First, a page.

I got a call last week from a gentleman with the Regional Water Quality Control Board (RWQCB). He asked how many domestic wells were on our farm. With no simple answer, I tried to explain how the farm’s water system worked, and soon learn that he had probably never actually seen a water well. Then, dismissive, I said we had two wells and left it at that.
The call bothered me though … for the rest of the day. With more thinking, I concluded he was most likely an intern; a Cal Poly student making some summer money, given something to keep him busy — and, a long list of farmers to call; an insight that focused my thoughts on a long-standing gripe: excessive regulation for those of us who irrigate crops.
This March the RWQCB recently added new regulations. This ruling breaks new ground in an attempt to provide cleaner drinking water to the region’s population, in the process adding millions of dollars in cost to the food local farmer’s produce.
It has been protested to the State Water Board by a number of opposed groups, as well as some who feel it doesn’t go far enough, though my objections stem from the one-size-fits-all nature of the regulation. The RWQCB punishes growers in clean watersheds, like those surrounding Cambria, with the same rules that apply to those in problem areas.
And, added cost particularly burdens the few of us remaining smaller local farmers already greatly disadvantaged by the massive machine that supplies food to most Americans. There is a better solution than this misguided attempt to fix a difficult problem; one which I will come on to.
To complete the first thought, the RWQCB’s new regulation flies in the face of our county’s Board of Supervisors’ recent action to adopt a ‘buy local’ policy (The Tribune, July 29). The water board’s activism has further frustrated nonprofit and advisory groups with local water involvement. Personally, I found the regulation’s language offensive the first time I read I was a “discharger” with associated sinful acts.
The new regulation is nonetheless fundamentally a consequence of a very real problem: nitrate contamina-
tion of groundwater, largely due to the use of synthetic fertilizers and with possible adverse health effects. Crops only use a portion of applied fertilizer, some of the remainder ending up in groundwater. In fact, a study by U.C. Davis has shown that much of the nitrates seen in groundwater today in problem areas was applied decades before.
This is a long-term problem without an easy solution, bringing me to the third leg of the stool buttressing my frustration: the issue with the better solution.
With no easy solutions to the bigger nitrate problem — short of outlawing fertilizer and finding water
alternatives for decades — and, on top of additional measures, the RWQCB’s staff has chosen an expensive blanket approach of requiring farmers to regularly monitor wells.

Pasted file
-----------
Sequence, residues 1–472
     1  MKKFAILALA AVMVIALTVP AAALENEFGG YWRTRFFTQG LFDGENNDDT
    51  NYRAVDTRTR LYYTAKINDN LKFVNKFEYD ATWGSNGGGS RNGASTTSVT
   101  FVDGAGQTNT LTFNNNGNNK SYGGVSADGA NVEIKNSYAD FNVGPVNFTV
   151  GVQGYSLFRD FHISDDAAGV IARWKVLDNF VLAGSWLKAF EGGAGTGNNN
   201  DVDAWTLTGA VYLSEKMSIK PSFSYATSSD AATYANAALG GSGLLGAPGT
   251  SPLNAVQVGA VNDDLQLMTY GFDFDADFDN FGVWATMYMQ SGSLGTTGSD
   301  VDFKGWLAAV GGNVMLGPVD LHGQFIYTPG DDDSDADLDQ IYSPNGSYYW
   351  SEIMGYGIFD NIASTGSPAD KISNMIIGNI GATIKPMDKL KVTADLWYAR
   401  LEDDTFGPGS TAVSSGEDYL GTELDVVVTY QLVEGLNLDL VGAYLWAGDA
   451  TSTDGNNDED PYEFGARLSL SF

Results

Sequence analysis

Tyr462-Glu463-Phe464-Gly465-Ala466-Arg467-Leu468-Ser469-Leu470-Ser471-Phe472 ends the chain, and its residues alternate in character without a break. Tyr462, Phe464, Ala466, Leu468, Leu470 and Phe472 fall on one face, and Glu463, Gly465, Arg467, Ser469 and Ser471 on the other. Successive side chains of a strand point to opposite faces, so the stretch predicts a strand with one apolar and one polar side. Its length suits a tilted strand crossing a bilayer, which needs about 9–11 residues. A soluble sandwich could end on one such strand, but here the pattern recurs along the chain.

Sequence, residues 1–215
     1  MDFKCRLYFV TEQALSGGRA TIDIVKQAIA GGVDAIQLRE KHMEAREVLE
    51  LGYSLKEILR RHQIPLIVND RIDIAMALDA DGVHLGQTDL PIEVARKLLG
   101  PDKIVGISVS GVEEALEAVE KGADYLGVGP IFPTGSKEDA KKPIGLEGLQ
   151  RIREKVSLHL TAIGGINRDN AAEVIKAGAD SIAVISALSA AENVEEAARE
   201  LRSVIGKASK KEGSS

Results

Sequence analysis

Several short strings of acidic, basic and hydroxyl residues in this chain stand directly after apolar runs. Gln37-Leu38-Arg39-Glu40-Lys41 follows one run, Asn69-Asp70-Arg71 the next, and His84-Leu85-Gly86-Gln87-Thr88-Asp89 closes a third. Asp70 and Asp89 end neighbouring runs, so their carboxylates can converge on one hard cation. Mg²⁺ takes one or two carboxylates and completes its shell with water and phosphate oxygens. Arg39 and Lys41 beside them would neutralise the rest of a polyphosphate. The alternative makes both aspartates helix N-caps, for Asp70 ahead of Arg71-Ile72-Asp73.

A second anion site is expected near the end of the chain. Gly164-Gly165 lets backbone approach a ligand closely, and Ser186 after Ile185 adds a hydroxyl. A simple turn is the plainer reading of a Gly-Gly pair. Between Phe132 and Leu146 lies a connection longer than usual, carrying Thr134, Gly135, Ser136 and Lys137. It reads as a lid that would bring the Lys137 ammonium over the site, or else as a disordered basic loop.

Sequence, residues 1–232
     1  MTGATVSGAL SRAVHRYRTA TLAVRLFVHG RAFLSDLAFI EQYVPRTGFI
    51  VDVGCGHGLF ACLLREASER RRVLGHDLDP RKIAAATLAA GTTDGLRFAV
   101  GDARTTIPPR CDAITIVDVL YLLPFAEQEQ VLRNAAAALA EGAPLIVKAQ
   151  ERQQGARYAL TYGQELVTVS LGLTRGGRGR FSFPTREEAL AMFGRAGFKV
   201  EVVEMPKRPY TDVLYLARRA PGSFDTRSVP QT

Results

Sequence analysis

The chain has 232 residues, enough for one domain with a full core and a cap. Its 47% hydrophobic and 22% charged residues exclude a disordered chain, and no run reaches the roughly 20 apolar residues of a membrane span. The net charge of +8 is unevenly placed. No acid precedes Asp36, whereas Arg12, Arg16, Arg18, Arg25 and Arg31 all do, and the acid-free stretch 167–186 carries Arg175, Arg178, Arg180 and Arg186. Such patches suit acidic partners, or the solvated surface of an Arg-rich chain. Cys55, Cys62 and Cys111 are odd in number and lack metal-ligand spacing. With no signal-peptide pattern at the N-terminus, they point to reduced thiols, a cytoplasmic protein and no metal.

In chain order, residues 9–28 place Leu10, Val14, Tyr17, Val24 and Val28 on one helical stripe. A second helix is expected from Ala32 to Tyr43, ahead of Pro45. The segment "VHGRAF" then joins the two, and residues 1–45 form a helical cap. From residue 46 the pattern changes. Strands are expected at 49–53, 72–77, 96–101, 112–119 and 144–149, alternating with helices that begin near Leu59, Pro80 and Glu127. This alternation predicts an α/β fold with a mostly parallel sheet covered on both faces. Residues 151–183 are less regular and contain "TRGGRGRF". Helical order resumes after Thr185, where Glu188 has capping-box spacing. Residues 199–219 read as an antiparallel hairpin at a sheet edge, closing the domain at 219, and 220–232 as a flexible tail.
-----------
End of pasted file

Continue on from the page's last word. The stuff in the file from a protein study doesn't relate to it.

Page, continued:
Nonetheless, available reverse osmosis (RO) and other technologies can remove most nitrates from water, cost effectively when done in the individual home where the only water purified is used for drinking.
Then why didn’t the RWQCB recommend a program to install RO devices to supply drinking water in homes of problem areas? Because they were concerned that the devices would not be maintained by homeowners and contamination would return through neglect.
The RWQCB’s staff is fond of saying that everyone has the right to clean water. I would agree with the caveat that the right comes with responsibility. While many Americans appear to feel entitled to many things, my view is many of us have become lazy. Is annually cleaning or replacing a filter too much to ask?
So, the RWQCB’s logic seems to be that it is easier to punish the few remaining farmers (easy, because we’re less than half a percent of total population) because many Americans are too lazy to properly maintain a device.
This begs a question about where we have come to over the last few generations. My father grew up on a Midwestern farm without modern conveniences, e.g., without plumbing he’d never used, such as an indoor toilet, before WWII and the Army.
Despite this deprivation, he turned out just fine and along the way became quite handy with skills many folks today don’t seem to want to acquire.
But, then … a popular method of controlling rodents on farms is to use bait dispensers. Initially shy, the rodents learn they like the bait and eventually take it home. The bait contains a toxicant that slowly accumulates, but by the time it’s obvious they’ve been poisoned, it’s too late. And maybe those 70 years since WWII have been our incubation period and, like those rodents, we’ve become too accustomed to our little luxuries.
Despite my harshness, there are positive aspects to the ag waiver. For instance, encouraging growers to use drip irrigation and better monitor fertilizer needs. But, rather than demonize farmers whose only crime is supplying food, the RWQCB should really consider better options.
Mike and Carol Broadhurst farm near Cambria and sell at local farmers markets.